I’ll be storing the Terraform state file in Amazon S3.

  1. key All of my environments/accounts Terraform state files will be stored in one AWS S3 bucket separated by environments using the directory names. The Terragrunt function path_relative_to_include() is going to help with that. But you can pass a different bucket for each environment through the local inputs.
  2. profile Since we’ll have several AWS accounts and profiles, this value will be dynamic and passed in from the environments input file.
  3. I think the rest are obvious.

locals

  1. local_inputs During Terraform plan or apply it grabs the variables for the environment to create Terraform files for that specific environment in the .terragrunt local cache directory.
  2. global_inputs contains variables that are common for all environments (if needed)

dev ‘terragrunt.hcl’

include {
  path = find_in_parent_folders()
}

terraform {
  source = "git@giturl.com:path/to/tf-modules/settings.git?ref=dev"
}

This says ‘hey go fetch the TF code from this URL but only the dev branch’. Also says ‘The Terraform backend configuration is in the main terragrunt.hcl file’. Next let’s init Terragrunt. If you haven’t already created the S3 bucket for your state file it will request to create.

I’ll be using aws cli profiles, this assumes you have already set this up.
AWS Permissions Required

{
    "Version": "2012-10-17",
    "Statement": [
        {
            "Sid": "AllowS3ForTerraform",
            "Effect": "Allow",
            "Action": [
                "s3:ListBucket",
                "s3:GetBucketVersioning",
                "s3:CreateBucket"
            ],
            "Resource": "arn:aws:s3:::YOUR-TF-BUCKET-NAME-HERE"
        },
        {
            "Sid": "AllowDownloadNUploadtoPrefix",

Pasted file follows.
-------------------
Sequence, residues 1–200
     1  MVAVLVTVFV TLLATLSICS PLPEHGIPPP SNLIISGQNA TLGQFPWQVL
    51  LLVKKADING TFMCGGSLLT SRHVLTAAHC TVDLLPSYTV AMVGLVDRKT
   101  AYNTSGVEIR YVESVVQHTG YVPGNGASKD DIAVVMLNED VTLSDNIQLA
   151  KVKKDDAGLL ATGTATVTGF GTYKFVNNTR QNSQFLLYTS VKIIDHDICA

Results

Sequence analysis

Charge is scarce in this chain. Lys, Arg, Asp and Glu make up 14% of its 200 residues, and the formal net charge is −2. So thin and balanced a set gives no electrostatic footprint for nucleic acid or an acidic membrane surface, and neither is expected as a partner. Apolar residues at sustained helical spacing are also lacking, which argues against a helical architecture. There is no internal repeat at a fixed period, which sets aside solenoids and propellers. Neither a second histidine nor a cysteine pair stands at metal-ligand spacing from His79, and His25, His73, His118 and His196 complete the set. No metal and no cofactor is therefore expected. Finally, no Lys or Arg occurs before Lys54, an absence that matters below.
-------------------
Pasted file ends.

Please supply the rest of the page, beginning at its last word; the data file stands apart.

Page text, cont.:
"Effect": "Allow",
            "Action": [
                "s3:PutObject",
                "s3:GetObject"
            ],
            "Resource": "arn:aws:s3:::YOUR-TF-BUCKET-NAME-HERE/*"
        }
    ]
}

dev ‘inputs.yml’

aws_cli_profile: "your-env-aws-cli-profile-name"
aws_region: "us-east-1"
other_var: "other-value"

dev ‘vars.tf’

variable aws_account_alias {
  default = "acct-nickname-here"
}

variable aws_region {}

variable aws_cli_profile {}

variable other_var {}

As said before, this is environment specific values. Let’s initiate already!

cd settings/dev/
terragrunt init
Output

----------------------------------------------------------------------
.....
.....
Plan: 1 to add, 0 to change, 0 to destroy.

---------------------------------------------------------------------

Then ‘terragrunt apply’. Apply the configuration and verify.

Terragrunt cache

Don’t put terragrunt cache in git. Add the following to your .gitignore file for your Terragrunt repositories.

*.terraform*
*.terragrunt*

If you update your Terraform repository you’ll have to update your Terragrunt too to fetch the latest code. You can do that with this additional argument.

terragrunt init --terragrunt-source-update

An alternative design with Terragrunt and Terraform

In this alternative design structure you can have a main.tf file at the root of your project. This main.tf can contain all your main code in one place instead of having to create and manage several different git repositories and branches. See the structure example below. Here’s full working code example of this design.

├── README.md
├── dev
│   ├── inputs.yml
│   ├── terragrunt.hcl
│   └── vars.tf
├── prod
│   ├── inputs.yml
│   ├── terragrunt.hcl
│   └── vars.tf
├── qa
│   ├── inputs.yml
│   ├── terragrunt.hcl
│   └── vars.tf
├── sec
│   ├── inputs.yml
│   ├── terragrunt.hcl
│   └── vars.tf
├── terragrunt.hcl
├── main.tf
└── web-server-policy.tf